10/09/2020

Claim Notification Forms – take them seriously!

“…CNFs should be reliable documents and should be taken seriously.”
Mr Justice Spencer, Richards & Anor v Morris [2018] EWHC 1289 (QB)

Sometimes there is an absence of any real detail in a Claim Notification Form (CNF). It may be a missing National Insurance number, an incomplete address or no description of the injuries allegedly suffered. The missing information could be the very first signs that something is not right with the claim.

However, missing information is not the only indicator, as sometimes a CNF contains detail that later proves to be false. A comparison between a CNF and a medical report received at stage 2 of the MoJ Portal process can start to reveal inconsistencies. 

Often that quick comparison will cause a compensator to question the accuracy of a CNF and consequently, the credibility of the claimant:

Did the claimant seek medical attention or not?

Did the claimant take any time off work or not?

Did the claimant suffer with a severe neck injury not?

Did the claimant suffer with severe psychological injury or not?

Was the claimant travelling with several passengers or not?

Those inconsistencies may be an indicator that the claim is not as genuine as it first appeared and prompt further investigation revealing that the CNF contains false information.

Claimants and those enabling the claim will often attempt to explain away the absence of information or any inconsistencies in a CNF. Those explanations should not be readily accepted.

The entire purpose of the MoJ Portal is to facilitate the exchange of claim information and documents between lawyers and compensators at a reduced operational cost. The CNF is intentionally a comprehensive document as it needs to ensure a compensator is able to make important decisions about the accident, such as if the accident was caused by their insured’s breach of duty or if the accident caused some injury to the claimant.

A claimant is expected to provide details of the type of injury, a brief description of those injuries, details of any time off work and details of any medical attention sought including rehabilitation. All of the information in a CNF is crucial and it follows that the information provided must be accurate for the process to be effective. 

If there is any doubt as to the importance of a CNF, have a look at the statement of truth contained in each CNF:

I am the claimant’s legal representation. The claimant believes that the facts stated in this claim form are true. I am duly authorised to sign this statement.

I am the claimant. I believe that the facts stated in this claim form are true.

The pre-action protocol for low value injury claims further states:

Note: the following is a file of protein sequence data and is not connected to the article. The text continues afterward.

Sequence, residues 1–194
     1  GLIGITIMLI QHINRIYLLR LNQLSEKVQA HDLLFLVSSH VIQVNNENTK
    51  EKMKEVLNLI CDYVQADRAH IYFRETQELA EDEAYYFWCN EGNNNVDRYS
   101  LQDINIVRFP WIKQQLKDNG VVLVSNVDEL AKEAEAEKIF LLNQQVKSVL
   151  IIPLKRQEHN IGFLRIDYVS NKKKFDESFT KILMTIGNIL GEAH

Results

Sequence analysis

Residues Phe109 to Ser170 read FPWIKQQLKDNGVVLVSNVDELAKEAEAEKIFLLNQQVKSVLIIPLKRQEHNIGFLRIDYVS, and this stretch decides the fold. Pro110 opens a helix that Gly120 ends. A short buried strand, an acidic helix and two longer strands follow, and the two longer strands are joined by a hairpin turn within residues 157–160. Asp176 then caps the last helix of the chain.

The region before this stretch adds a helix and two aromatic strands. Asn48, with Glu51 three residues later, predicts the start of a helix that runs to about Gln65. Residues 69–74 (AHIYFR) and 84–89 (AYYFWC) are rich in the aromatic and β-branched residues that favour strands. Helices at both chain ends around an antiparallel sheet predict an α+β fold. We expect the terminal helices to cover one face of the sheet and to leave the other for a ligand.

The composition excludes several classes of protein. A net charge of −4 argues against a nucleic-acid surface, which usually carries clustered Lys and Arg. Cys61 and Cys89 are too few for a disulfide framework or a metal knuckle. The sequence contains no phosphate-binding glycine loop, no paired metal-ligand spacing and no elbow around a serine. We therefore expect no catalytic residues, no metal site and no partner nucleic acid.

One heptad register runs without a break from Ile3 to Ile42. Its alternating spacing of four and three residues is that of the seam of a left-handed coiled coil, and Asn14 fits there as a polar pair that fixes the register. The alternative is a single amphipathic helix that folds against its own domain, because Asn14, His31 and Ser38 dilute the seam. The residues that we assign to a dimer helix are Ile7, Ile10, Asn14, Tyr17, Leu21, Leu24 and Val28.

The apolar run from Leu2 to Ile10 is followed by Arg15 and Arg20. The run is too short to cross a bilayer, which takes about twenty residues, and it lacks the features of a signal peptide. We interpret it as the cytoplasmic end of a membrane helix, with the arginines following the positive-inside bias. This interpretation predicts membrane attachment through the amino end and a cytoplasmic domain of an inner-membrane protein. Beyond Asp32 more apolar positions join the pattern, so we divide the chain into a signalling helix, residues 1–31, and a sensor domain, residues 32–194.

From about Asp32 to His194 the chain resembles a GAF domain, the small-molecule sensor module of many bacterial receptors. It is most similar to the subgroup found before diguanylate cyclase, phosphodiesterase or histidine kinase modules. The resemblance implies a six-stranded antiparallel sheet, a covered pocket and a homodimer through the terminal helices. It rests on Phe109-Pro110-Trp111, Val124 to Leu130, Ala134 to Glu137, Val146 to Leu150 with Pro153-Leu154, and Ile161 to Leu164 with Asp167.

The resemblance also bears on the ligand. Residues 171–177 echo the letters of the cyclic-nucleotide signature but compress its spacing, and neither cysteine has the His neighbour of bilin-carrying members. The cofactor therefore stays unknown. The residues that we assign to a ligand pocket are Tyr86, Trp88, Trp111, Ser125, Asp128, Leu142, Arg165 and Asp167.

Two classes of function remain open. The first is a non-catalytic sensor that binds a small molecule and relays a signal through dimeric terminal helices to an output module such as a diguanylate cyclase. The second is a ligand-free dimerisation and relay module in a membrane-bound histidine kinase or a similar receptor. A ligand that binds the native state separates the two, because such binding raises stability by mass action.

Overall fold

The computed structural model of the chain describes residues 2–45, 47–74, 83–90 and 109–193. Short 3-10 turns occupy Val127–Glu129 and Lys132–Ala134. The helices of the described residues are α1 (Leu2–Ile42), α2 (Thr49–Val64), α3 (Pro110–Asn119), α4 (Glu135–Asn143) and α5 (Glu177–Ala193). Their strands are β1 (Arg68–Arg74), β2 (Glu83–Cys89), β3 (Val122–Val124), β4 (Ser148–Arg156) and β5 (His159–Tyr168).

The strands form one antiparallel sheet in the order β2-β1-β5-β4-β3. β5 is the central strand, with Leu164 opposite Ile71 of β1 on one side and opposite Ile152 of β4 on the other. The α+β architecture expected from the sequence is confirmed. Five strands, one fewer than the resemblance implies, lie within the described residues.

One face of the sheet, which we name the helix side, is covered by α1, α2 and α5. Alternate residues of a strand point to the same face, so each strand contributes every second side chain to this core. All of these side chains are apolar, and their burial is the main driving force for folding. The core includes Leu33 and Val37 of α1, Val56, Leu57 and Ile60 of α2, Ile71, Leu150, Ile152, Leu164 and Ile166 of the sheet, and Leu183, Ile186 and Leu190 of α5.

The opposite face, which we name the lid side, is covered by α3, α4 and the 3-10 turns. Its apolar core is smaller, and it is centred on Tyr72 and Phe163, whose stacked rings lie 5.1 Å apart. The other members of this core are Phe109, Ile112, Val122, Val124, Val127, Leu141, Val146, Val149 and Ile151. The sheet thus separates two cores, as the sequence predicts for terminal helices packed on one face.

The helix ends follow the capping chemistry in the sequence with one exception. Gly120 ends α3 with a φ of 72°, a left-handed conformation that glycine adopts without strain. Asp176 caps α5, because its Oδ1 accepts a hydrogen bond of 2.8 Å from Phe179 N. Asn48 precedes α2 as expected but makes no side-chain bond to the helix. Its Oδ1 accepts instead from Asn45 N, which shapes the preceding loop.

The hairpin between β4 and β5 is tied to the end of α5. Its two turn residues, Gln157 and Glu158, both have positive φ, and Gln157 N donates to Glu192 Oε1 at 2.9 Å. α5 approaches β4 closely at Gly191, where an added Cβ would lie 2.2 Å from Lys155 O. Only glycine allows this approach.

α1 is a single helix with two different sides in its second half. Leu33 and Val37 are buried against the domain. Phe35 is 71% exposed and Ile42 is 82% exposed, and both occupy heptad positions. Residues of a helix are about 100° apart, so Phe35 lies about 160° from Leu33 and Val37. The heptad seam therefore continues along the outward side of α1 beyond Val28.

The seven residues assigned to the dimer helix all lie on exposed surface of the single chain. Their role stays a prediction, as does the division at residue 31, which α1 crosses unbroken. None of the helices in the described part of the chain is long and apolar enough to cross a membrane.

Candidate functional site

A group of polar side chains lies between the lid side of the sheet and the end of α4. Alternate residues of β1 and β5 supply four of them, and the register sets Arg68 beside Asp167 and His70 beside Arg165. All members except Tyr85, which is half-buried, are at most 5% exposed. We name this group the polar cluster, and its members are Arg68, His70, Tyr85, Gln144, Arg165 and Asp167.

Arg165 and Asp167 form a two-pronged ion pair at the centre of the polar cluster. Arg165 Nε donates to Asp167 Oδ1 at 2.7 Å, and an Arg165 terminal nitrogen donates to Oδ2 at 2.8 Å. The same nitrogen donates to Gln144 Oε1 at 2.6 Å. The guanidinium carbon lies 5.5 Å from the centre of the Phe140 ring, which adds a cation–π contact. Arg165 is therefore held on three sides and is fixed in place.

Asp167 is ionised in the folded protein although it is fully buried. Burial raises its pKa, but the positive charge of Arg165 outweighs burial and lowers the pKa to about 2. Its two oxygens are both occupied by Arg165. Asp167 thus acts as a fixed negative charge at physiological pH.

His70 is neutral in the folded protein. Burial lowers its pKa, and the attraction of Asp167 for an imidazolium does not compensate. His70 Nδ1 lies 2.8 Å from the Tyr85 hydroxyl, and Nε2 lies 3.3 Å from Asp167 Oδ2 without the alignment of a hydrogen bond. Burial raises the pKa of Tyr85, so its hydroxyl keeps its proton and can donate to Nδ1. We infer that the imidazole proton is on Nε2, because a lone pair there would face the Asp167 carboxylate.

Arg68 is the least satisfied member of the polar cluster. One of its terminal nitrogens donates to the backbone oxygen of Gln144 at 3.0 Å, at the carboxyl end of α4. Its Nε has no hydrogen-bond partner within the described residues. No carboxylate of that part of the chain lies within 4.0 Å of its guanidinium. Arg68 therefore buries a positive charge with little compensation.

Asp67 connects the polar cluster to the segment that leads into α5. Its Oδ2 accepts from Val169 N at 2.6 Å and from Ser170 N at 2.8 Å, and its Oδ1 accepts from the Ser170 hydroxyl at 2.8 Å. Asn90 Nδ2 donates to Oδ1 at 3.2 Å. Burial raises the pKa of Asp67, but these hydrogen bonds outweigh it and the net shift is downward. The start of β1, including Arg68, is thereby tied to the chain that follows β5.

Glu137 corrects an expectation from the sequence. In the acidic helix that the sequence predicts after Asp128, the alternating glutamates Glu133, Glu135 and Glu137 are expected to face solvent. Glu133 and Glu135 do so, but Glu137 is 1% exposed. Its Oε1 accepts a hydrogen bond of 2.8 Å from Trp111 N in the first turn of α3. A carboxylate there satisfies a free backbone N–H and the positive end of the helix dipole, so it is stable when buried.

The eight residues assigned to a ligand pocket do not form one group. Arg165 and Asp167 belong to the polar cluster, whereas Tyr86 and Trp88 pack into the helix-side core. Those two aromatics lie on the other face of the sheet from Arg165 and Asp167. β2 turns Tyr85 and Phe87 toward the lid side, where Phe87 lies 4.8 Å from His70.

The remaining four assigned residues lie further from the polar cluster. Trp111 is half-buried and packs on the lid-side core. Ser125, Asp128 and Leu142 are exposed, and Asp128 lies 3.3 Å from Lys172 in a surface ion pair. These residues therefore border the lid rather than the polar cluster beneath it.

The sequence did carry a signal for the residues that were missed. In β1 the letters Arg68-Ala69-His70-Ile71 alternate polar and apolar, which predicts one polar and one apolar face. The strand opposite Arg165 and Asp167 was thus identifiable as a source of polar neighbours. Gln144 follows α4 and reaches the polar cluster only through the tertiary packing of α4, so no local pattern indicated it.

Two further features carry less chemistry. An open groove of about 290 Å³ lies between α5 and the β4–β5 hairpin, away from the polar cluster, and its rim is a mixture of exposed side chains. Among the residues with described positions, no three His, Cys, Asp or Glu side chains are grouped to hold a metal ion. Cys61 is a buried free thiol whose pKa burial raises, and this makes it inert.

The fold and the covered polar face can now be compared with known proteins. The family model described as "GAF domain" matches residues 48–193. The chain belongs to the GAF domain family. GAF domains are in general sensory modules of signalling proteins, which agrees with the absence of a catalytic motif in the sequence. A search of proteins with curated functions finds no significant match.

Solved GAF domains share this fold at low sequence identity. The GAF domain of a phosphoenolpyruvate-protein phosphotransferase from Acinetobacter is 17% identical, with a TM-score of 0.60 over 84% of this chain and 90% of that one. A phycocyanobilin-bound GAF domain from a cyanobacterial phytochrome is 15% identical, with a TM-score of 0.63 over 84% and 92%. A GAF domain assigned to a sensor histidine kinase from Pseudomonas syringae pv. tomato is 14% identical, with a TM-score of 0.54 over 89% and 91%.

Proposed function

The statement of truth in the CNF must be signed either by the claimant or by the claimant’s legal representative where the claimant has authorised the legal representative to do so and the legal representative can produce written evidence of that authorisation…On the electronically completed CNF the person may enter their name in the signature box to satisfy this requirement.

Compensators can be reassured that the courts will take inconsistencies in a CNF seriously if a fraudster decides to progress the claim to trial.

In our experience the courts, quite rightly, take into account all of the claimant’s evidence, which includes the CNF. 

…the statement of truth is thus important as it means, or should mean, that the insurer can rely on the accuracy of the contents of the CNF in assessing the damages and any offer of compensation to be made.

Mr Justice Martin Spencer, Richards & Anor v Morris [2018] EWHC 1289 (QB) 

The courts recognise that a CNF has to be accurate and will take a dim view of any claimant who knowingly includes false or misleading information within their CNF. 

Claimants pursuing fraudulent claims, or those enabling the claims, will often struggle to provide an acceptable explanation for any false, limited or inaccurate information contained within the CNF. Those explanations are not readily accepted by the courts given the importance of how accurate a CNF must be as set out in the High Court Judgment set out above..

In turn, the contents of a CNF can form part of the basis of a fundamental dishonesty finding. 

Whilst all aspects of a claim must still be balanced and an informed case-specific decision made, identifying missing information and inconsistencies in the CNF can unearth fraudulent claims. Those claims can then be investigated and defeated.

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